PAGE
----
Workplace Ergonomics

90% of lower back pain comes from poor sitting posture.  Over 80% of office workers report varying combinations of pain in the back, neck, shoulders, arms and hands.  Poor posture at work comes from the tendency when working at a monitor or laptop to sit for long periods in one position.  This places static loads on the body.  These in turn create muscle tension in supporting the load which causes pain from the toxin build up in the muscle fibre and sinews. The solution is a chair that is designed to support the crest of the pelvic bone and allows the seat to tilt forward.  This combined with a sit stand desk means that the working posture can be optimised and altered during the course of the day.

Acoustics

In an open plan office noise is a major source of stress.  The problem is that many a modern office is a large glass and concrete box.  Glass and concrete are excellent sound reflectors.  However the main problem is not simply one of distracting conversations or even the overall noise level. The problem is machine generated noises such as cooling fans which are tuned out by the conscious mind but nevertheless trigger the alarm mechanisms in the sub conscious mind.

The solution is sound absorbent ceiling and flooring with selective sound absorbent vertical surfaces.  This combined with sound masking to raise the ambient level can create a comfortable stress free working environment.

Temperature

Thermal comfort needs suitable air and mean radiant temperatures in the space. Sitting by a single glazed window will feel cold and draughty due to the low surface temperature for example. Also it is better to have warmer temperatures at lower levels in the space whilst ensuring fresh slightly cooler air circulates at head level.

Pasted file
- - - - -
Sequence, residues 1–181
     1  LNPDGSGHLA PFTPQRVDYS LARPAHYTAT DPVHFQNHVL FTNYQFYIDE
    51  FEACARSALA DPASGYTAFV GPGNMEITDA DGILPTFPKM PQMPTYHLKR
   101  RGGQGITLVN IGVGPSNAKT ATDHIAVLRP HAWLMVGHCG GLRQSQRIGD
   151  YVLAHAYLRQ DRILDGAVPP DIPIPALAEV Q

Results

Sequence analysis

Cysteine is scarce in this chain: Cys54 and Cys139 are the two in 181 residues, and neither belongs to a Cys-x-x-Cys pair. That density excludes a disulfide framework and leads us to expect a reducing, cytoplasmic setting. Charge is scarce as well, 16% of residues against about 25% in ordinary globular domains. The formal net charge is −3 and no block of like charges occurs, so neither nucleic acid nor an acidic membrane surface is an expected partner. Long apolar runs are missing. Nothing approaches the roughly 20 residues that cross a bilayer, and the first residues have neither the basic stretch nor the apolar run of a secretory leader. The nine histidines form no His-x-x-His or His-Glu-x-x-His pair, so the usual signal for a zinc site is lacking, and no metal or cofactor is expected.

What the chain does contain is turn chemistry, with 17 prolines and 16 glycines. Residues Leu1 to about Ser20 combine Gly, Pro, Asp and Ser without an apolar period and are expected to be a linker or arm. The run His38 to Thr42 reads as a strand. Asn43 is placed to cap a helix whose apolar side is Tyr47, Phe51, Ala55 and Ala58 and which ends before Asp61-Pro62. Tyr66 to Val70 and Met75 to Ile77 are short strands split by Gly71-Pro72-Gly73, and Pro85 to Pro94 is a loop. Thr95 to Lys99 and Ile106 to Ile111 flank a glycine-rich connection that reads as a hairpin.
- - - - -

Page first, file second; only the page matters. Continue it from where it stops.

The air temperature selected depends on the outside temperature as very large differentials can cause thermal shock. So in the Middle East a comfortable temperature may be 27°C but in northern Europe it is closer to 22°C.

Colour & Visual Stimulation

Offices tend to be bland and boring with a considerable use of grey or white.  This is considered better than using stronger colours, which could be perceived as irritating.  The choice of colours is usually subjective on the part of the architect or professional designer and on the part of the management and or staff who make a final choice from alternative schemes that are presented by the designers. The science of colour psychology has existed for many years but has not been widely applied.  Various colour combinations and tones can energise or depress.  Most conventional colour schemes unintentionally have the latter effect.  Working with a colour VDU which has bright colour images when surrounded by surfaces that are virtually colourless increases the levels of visual stress.  Staff can actually suffer from colour deprivation symptoms that are similar to Seasonal Affected Disorder (SAD) symptoms.

The solution lies in a colour scheme for a working environment that has the right balance of colour and tone for the activity involved.

Conclusion

These solutions will at last enable employers and work place designers to install a cost effective staff care programme that will deliver measurable benefits in terms of improved productivity, reduced sickness absenteeism and improved staff morale & well-being. 

It is only a matter of time before office environmental planning requires measures such as these as standard in new build offices.  The development of the WELL global standard, Well-Being sections in the RICS SKA Good Practice Measures for Offices are two examples of how serious this issue is being considered as a crucial aspect of workplace design and management.